Remember the mourners as well as dead
John 15: 13 Jesus said, "No one has a love greater than this, to lay down your life for your friends." (NIV Holy Bible)
I am fortunate to have been born after World War Two, for obvious reasons.
Growing up in the 1950s meant that I heard a lot about the war, without having memories of it. My life has not been touched by the immense grief so many people have felt, and continue to feel, through the loss of their loved ones, who have laid down their lives for the benefit of others.
As I've matured, I've watched the horror of Northern Ireland, with the huge loss of life. My cousin served in the Falklands conflict, where 255 service men laid down their lives. 255 more grieving families.
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When America and Britain invaded Iraq our son was a baby. I felt afraid as a mother, wondered if it would last long enough for him to be called up to serve.
I sighed with relief because it was soon over. Yet many men, and women too, laid down their lives, many more families mourning them, and adapting to life without them.
In recent years hundreds of brave service men and women have laid down their lives, in Iraq and Afghanistan. I have watched with horror at the loss of life, and prayed for all of them, and for all those who are left to grieve. Yet I do not know what it feels like personally.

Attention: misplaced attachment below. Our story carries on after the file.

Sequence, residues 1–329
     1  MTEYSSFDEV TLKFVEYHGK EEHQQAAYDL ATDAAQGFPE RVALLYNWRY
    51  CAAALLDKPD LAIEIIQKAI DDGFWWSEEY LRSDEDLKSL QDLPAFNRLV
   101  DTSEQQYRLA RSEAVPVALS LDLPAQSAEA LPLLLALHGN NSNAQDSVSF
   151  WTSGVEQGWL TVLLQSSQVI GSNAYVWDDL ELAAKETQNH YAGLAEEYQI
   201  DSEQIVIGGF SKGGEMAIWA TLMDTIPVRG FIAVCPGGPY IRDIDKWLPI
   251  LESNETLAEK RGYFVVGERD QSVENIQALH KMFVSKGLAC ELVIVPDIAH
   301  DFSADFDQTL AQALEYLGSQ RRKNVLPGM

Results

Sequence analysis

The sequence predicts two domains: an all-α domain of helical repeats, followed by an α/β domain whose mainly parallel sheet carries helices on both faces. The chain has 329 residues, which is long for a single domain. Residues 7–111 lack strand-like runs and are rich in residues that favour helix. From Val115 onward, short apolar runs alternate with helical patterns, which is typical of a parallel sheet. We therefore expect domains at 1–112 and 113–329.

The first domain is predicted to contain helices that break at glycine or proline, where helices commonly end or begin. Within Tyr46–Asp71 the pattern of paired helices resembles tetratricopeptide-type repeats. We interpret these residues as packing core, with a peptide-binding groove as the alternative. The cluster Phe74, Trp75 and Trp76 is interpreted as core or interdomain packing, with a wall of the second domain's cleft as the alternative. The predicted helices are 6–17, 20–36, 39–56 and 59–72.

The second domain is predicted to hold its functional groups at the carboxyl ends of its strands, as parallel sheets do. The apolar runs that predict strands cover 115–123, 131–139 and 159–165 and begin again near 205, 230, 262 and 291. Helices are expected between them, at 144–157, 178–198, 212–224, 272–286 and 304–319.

But my time has come to be useful, because as a minister, with churches in Plymouth, Torpoint and Millbrook, I have some contact with families who live with loss, and the fear of losing their loved ones as they serve in Iraq and Afghanistan.
I mainly listen. Occasions, such as "Messy Church", gives my churches the opportunity to provide activities for their children which brings happiness. Our churches' place is alongside our service men, women and families, if they let us. So I say: "We are here for you, please let us serve you." I don't know how they feel, but I do know that they are all precious in God's sight, and that God loves them, and cares for them, and wants us to do the same.
John Clarke, church steward at Mount Gould, told me this: "Harry Patch said, 'Yes remember the dead, but do not forget those that mourn, for every one that was killed perhaps six were mourning.'"
We remember, and thank you. Rev Alison Richardson is Methodist minister at Mount Gould, Cornerstone at Torpoint and Millbrook